A good example of how a local perspective can reach around the world is one of RCR’s current projects, turning Mas Miró into a museum, another creator [Joan Miró] who, from a place like Mont-Roig del Camp had a global impact. For the Executive Director of the prize, Martha Thorne, the architecture of RCR represents "an experience for all the senses: the light, the sky, the trees, the stars, the mountains in their surroundings ... even its smell". Another of the qualities which was rewarded by the jury is their versatility: "With their architecture they are capable of undertaking any kind of project. Not only the most elitist, such as restaurants and hotels, but also public spaces, schools and museums. This ability to create public spaces is truly representative of them and many architects from here", adds Tagliabue.

RCR Architects are only the second Spanish firm to have won the Pritzker, since Rafael Moneo received the award in 1996. It is the first time that it has been awarded to three architects —with Carme Pigem being the third woman to have won— and the jury emphasised the fact that rather than awarding the prize to a conventional firm of architects, they have awarded three artists who have been working collaboratively for almost 30 years. The Dean of the Architects’ Association of Catalonia, Lluís Comerón, agrees that RCR’s work, which includes the Soulages Museum, Les Cols restaurant and the Lira Theatre, goes beyond their function. "They strive to and excel at ensuring that architecture generates emotions, feelings and that it conveys a sense of the environment and an interpretation of the world". Comerón also identifies such talent in the late Enric Miralles, who RCR agree would have been a deserving recipient of the award.

Among the most prominent projects undertaken by the trio of architects is the pavilion belonging to Les Cols restaurant in Olot (1990); The public open space of the Lira Theatre, Ripoll (2003-2011); the Bell-Lloc winery, Palamos (2003-2007); the Sant Antoni-Joan Oliver Library, Barcelona (2007); the Soulages Museum, Rodez (2008-2014); the art museum in Nègrepelisse Castle (France), and the Hofheide Crematorium (Belgium). Their first projects were the pavilion and exterior of Can Cardinal and the Bathing Pavilion (Espai Fluvial Prat de Gola). The Pritzker jury also noted that they "seek connections between the exterior and the interior, resulting in emotional and experiential architecture".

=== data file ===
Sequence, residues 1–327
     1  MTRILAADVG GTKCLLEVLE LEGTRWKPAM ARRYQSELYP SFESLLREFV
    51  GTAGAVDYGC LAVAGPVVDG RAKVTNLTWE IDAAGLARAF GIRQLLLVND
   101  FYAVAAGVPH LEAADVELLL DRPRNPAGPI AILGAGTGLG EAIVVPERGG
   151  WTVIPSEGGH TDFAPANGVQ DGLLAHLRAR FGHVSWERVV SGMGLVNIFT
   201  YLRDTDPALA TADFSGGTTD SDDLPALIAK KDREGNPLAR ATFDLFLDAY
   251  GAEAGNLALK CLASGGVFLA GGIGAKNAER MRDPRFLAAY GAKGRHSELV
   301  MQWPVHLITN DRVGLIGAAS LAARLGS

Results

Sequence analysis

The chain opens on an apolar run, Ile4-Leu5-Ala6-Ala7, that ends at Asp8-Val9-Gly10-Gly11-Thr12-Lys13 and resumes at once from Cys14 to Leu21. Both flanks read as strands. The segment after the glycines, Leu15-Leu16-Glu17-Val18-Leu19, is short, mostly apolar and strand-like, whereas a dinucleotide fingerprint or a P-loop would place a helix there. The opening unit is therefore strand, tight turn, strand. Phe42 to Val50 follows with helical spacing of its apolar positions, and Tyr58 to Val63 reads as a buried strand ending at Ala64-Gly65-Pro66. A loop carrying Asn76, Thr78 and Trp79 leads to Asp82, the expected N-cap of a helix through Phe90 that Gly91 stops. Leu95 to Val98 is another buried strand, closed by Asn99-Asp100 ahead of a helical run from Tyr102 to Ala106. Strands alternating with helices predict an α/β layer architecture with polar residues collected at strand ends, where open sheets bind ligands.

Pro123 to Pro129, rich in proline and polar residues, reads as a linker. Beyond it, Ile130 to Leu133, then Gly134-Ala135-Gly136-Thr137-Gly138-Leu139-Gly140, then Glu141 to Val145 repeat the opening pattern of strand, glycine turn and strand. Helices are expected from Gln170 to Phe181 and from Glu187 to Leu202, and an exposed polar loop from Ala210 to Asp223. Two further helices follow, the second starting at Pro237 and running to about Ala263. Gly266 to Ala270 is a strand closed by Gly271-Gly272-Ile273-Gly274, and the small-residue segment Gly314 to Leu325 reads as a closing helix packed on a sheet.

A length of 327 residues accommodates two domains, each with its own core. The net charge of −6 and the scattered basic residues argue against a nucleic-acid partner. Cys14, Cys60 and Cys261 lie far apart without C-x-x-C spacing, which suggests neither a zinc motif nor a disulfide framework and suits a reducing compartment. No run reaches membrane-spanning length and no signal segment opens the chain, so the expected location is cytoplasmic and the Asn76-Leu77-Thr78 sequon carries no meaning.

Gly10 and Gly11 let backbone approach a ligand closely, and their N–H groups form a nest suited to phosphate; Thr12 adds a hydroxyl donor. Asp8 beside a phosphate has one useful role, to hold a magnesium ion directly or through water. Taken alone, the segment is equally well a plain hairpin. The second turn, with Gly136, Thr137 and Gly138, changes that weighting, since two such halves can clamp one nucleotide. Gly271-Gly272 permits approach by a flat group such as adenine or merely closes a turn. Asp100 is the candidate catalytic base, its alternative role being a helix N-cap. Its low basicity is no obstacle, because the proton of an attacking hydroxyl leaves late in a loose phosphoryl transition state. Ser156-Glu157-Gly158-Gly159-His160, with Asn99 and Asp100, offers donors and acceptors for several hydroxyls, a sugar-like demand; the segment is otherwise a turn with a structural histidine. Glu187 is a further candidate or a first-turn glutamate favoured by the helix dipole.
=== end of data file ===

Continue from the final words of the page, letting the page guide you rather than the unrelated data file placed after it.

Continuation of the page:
Discrete and international

The Pritzker Prize represents the triumph of three oddballs in Catalan architecture: they studied in the Vallès School of Architecture rather than in Barcelona city and a trip to Japan at the start of their career left a profound impression on them. "They are by far the best known contemporary Catalan architects. They are selective, but if it is a challenge they gladly accept. If they are put to the test, they find it stimulating. They continually experiment, never repeating themselves, they take risks, they are very demanding. Despite having received awards and recognition, they don’t quite believe how successful they’ve become", says the architect and Barcelona’s Councillor for Housing, Josep Maria Montaner, curator of the exhibition RCR Architects-Shared Creativity at the Palau Robert. Montaner believes that "their work is highly symbiotic. Each has their own personality but they complement one another. They share the work. The drawings are more Rafael’s, Ramon is the artist, while Carmen is more mystical and realistic ... but these roles are totally interchangeable".

RCR had already won many architectural awards, such as the French Academy of Architecture’s Gold Medal and Member of the Order of Arts and Letters of the French Republic and the Catalan Government’s National Culture Prize of 2005.